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Old 08-06-2019, 03:36 PM
 
Location: Here
1,471 posts, read 358,645 times
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Quote:
Yes, an asteroid that’s almost 1,900 feet in diameter and zipping at a speed of 10,000 mph is capable of causing massive destruction if it were to make a direct hit on any city on Earth. However, it will be tracking about 5 million miles away from our planet when it flies past us on Aug. 10, according to a report by CNN.
That's a fairly large asteroid. But five million miles is not close. A circle with a radius of five million miles covers an area exceeding 78 trillion miles. A cross-section of the Earth is less than 1/1,500,000th as much as that. If we compared it that to a human being with a width of about 18 inches, it's roughly the equivalent of getting 'missed' by a bullet that never comes close than about 1000 feet away from you.

Quote:
Just last week, a small asteroid that was not being closely tracked flew as close as 45,000 miles away from our planet, leaving some astronomers stunned, the Washington Post reported.
Now that one was closer. But still, less than 1 in 100 objects that comes within the sphere encompassed by 45,000 miles on all sides of Earth will encounter the atmosphere. And if it had, the question of what would have happened is open. The median estimate of its size suggests an explosion of about 10 megatons. Would it reach the surface? That depends on its composition, which is unknown. Damage? That depends on where it impacts. Most impact locations would result in only a minor human impact. Of course, it could hit a city - but most people don't seem to understand just what a small percentage of the Earth is densely populated urban areas.

Quote:
Originally Posted by Mike555 View Post
If an asteroid big enough to destroy a city were to be headed our way, I think in most instances we would know far enough ahead of time where it was going to strike. A warning could then be given so that people could evacuate to a safe location. At least it would give people a chance.
This is incorrect.

A zone of impact could be predicted, but it would be a very large area (as in, a hemisphere), only gradually becoming more precise as the object approached Earth. Even specificity as general as, say, England or Iowa would not be possible until it was within a hour or so of impact.

Evacuate England/Iowa in the next 90 minutes: read, set, go! Good luck with that...
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Old 08-06-2019, 03:39 PM
 
22,774 posts, read 17,250,171 times
Reputation: 9481
Quote:
Originally Posted by NightBazaar View Post
That would be fine in instances where an object is spotted long before an impact. Such sightings would primarily be from asteroids approaching from farther out in the solar system. However, some have approached from the direction of the Sun were hidden by solar glare making detection very difficult. In some instances, detection had only been a few hours before a flyby. Some were not detected at all until after the fact.

The asteroid that flew over Chelyabinsk Russia was detected after the explosion in the atmosphere and the trail of the object could be seen. That object was thought to have been about 66-feet in size, about the size of a 6 story building. The mass of the object is thought to have been heavier than the Eiffel Tower. It's blast was estimated to be about 400 to 500 kilotons of TNT (26-33 times the energy of the atomic bomb at Hiroshima). The blast occurred about 18.5 miles above. The trail and flash were caught by cameras, but too late to do anything about it and no time to give any warning to evacuate or head for shelter. On the plus side of potential impacts, most of the Earth's surface is covered by water and land surfaces that are either wilderness or scarcely populated. Although an impact to a populated city is not impossible, odds of such an object hitting a city are much lower. Still, it makes me wonder how much damage it would've caused if it had exploded over a large city like Tokyo or New York City.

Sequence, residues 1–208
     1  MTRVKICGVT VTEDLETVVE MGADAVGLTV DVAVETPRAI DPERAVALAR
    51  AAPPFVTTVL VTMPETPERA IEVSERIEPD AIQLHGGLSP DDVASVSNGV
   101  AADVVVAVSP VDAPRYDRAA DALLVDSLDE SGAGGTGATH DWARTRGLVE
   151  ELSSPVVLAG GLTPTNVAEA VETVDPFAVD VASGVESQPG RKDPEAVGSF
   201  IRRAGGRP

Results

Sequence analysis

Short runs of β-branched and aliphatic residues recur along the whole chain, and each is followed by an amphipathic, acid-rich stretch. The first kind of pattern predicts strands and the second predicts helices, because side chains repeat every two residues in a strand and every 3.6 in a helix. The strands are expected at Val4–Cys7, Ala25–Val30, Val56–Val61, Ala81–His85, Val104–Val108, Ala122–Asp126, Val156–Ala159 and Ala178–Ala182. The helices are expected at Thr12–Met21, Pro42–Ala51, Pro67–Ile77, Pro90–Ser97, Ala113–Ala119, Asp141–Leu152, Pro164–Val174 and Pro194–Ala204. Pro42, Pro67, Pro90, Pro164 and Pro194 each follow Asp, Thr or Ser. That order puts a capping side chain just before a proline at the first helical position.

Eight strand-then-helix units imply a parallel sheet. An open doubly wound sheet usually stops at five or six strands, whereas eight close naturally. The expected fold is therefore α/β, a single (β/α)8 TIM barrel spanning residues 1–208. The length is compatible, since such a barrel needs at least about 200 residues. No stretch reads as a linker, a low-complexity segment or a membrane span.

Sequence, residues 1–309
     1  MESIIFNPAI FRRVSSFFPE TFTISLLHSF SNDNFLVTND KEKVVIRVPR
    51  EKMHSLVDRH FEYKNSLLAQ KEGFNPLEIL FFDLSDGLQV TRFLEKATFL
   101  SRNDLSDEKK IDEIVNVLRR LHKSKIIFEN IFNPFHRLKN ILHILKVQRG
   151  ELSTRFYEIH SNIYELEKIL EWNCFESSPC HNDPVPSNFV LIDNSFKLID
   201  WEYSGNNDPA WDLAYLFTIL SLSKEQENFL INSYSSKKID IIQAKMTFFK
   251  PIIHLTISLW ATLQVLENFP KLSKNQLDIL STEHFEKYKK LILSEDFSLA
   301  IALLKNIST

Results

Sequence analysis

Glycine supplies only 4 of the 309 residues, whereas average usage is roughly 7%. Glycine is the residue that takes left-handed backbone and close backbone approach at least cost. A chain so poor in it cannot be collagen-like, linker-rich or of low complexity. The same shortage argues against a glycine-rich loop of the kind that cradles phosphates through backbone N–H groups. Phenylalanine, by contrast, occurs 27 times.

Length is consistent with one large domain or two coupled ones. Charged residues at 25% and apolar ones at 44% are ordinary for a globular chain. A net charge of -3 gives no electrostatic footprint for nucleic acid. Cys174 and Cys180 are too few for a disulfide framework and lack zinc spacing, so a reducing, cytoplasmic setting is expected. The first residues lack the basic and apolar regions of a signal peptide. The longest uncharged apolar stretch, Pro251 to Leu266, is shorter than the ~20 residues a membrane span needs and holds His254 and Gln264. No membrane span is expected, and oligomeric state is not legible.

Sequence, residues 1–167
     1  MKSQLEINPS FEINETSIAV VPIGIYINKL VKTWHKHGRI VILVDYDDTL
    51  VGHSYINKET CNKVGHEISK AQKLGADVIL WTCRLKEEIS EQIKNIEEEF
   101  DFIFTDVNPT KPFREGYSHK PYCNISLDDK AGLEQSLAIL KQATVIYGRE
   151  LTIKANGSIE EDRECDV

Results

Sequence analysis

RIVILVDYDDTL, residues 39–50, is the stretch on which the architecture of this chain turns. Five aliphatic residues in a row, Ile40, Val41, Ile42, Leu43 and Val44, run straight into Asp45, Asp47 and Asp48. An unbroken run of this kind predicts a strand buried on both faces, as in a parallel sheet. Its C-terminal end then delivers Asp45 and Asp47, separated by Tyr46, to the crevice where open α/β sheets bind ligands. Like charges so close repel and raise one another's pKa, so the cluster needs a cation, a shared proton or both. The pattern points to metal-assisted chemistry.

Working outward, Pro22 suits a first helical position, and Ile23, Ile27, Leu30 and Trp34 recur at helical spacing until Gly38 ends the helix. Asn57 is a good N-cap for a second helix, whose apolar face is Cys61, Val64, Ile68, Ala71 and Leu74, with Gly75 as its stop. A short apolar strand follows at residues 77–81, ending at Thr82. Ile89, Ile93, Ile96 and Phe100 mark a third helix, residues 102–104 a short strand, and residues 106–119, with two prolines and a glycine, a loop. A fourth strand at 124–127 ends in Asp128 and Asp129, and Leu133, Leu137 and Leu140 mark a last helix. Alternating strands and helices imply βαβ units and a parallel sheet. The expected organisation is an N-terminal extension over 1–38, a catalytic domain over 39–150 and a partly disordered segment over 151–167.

https://en.wikipedia.org/wiki/Chelyabinsk_meteor

There have been recent flybys that were spotted within hours of approach. These objects were harmlessly a long way from the Earth, although some passing within the orbits of the Earth and Moon. It's hard to spot such objects well in advance. We can spot some, but not all of them.

I think it's also fair to say that objects that are spotted coming from beyond the orbit of the Earth are difficult to predict a precise path, although much larger objects have been identified and can be reasonably predicted. Even at that, it takes very careful observation and understanding its trajectory which takes time in terms of months or years. Still, there's a lot of stuff in the solar system. The vast majority of smaller ones haven't been identified, objects that could still be potentially damaging to cities. There could be hundreds of millions, maybe more, of them. We've identified most of the largest ones, but not all of them. The majority of any asteroid seem to be in fairly stable orbits, such as the Asteroid Belt. But all it would take is a nudging collision between some of them to send others out in any direction, including crossing the orbit of the Earth.
That's all certainly true. New Near Earth Objects larger than 460 feet are being discovered at a rate of 500 or so a year so there always exists the possibility of a so far undiscovered NEO sneaking up on earth undetected. As more and more of the NEO's are catalogued we can keep an eye on them and provide the necessary warning if one should be on target to hit earth. It's fortunate that a Chelyabinsk Russia event is a rare occurrence, and the 1908 Tunguska event an even rarer occurrence.